Sexual Assault Information on University Websites

Publication Date


Document Type



Universities and colleges in the United States have never been under more scrutiny regarding their actions to prevent and respond to student reports of sexual assault. Increasingly, youth today turn to digital technology as their primary source of information. This study sought to evaluate institutions of higher education (IHEs) on the quality of their digital information for students and survivors of sexual assault. A randomly selected sample of IHE websites were examined from January 2015 to March 2015 for the presence or absence of information about sexual assault, and for the quality of the information that was present. Notably, 15% of the sample contained no information of any kind about sexual assault. The most common types of information offered were policies about sexual assault, phone numbers for campus police, and general directions on reporting any crime. Substantially fewer than half of the IHE websites offered any help with directions on how to report sexual assault to police, phone numbers for medical help, or a hotline number that victims could call. Also, infrequently, medical care was suggested for victims, but the importance of medical care after a sexual assault was only explained in some of those university websites. Colleges that had a subpage dedicated to information about sexual assault had higher rates of offering almost every type of pertinent information and guidance. However, despite the widely acknowledged fact that sexual assault is greatly underreported, only 15% of IHE websites offered bystanders or victims an anonymous way to report. These findings are discussed in the context of student needs for information about sexual assault, victim needs for support and guidance following such an assault, and overwhelming student preference for digital sources of information.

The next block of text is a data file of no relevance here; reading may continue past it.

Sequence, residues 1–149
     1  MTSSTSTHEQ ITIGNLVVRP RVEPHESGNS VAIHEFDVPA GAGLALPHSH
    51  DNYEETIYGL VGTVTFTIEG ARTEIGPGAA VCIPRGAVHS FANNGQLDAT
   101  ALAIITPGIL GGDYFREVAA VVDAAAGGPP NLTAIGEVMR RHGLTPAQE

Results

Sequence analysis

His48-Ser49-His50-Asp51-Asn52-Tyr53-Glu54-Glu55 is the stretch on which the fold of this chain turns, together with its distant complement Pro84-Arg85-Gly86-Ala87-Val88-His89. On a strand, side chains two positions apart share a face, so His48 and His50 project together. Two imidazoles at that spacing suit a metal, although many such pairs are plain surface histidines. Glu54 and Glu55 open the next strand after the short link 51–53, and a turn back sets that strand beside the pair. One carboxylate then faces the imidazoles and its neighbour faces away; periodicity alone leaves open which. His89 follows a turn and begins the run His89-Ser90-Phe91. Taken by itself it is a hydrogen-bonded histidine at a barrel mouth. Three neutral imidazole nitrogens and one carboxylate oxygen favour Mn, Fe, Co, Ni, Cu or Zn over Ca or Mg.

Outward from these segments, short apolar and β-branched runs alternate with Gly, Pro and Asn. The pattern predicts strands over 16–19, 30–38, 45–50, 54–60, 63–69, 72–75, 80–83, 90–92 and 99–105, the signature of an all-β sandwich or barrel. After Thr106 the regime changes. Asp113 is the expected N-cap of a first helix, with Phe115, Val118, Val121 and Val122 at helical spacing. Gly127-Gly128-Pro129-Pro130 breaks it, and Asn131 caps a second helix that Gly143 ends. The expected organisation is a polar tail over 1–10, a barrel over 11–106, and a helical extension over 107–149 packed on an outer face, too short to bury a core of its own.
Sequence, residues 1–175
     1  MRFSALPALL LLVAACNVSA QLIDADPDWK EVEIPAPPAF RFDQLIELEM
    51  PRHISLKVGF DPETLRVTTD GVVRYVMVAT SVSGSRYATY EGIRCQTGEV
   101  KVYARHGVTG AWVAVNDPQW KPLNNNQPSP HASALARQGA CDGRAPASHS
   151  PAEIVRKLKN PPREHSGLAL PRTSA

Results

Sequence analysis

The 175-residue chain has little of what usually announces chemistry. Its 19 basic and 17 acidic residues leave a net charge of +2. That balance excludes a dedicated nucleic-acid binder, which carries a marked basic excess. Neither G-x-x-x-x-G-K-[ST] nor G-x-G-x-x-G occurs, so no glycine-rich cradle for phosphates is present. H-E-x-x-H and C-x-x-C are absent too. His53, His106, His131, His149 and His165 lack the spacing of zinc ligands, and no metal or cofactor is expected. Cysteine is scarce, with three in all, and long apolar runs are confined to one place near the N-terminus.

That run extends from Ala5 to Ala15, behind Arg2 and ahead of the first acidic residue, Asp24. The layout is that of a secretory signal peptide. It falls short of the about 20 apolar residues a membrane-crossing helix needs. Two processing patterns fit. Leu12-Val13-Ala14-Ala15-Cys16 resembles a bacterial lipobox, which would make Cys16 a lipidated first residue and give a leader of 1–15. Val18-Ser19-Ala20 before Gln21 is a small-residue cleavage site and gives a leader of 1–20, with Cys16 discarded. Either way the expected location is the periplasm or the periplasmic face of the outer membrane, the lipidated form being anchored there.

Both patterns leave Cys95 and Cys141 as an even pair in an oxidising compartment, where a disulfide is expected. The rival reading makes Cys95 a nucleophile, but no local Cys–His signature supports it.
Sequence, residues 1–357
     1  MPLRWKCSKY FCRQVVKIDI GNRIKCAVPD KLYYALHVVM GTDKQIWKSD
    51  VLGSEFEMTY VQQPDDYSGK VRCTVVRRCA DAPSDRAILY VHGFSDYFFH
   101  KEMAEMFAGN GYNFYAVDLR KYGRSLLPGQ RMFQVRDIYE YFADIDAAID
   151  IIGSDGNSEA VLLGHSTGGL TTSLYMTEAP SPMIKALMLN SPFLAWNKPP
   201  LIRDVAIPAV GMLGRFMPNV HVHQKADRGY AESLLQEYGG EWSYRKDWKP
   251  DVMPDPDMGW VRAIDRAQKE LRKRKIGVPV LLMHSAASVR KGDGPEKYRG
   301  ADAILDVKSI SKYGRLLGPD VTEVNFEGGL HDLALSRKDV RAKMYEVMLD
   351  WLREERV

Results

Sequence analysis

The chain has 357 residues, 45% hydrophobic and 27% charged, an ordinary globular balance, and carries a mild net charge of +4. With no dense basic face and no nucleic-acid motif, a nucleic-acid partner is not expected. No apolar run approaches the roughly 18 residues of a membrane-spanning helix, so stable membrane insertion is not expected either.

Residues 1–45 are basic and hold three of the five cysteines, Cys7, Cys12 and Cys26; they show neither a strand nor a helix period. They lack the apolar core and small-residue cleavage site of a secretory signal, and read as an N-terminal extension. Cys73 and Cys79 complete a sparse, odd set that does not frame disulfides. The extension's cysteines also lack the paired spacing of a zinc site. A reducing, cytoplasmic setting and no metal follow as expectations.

Original Citation

Englander, E., McCoy, M., & Sherman, S. (2016). Sexual Assault Information on University Websites. Violence and Gender, 3(1), 64-70. https://doi.org/10.1089/vio.2015.0025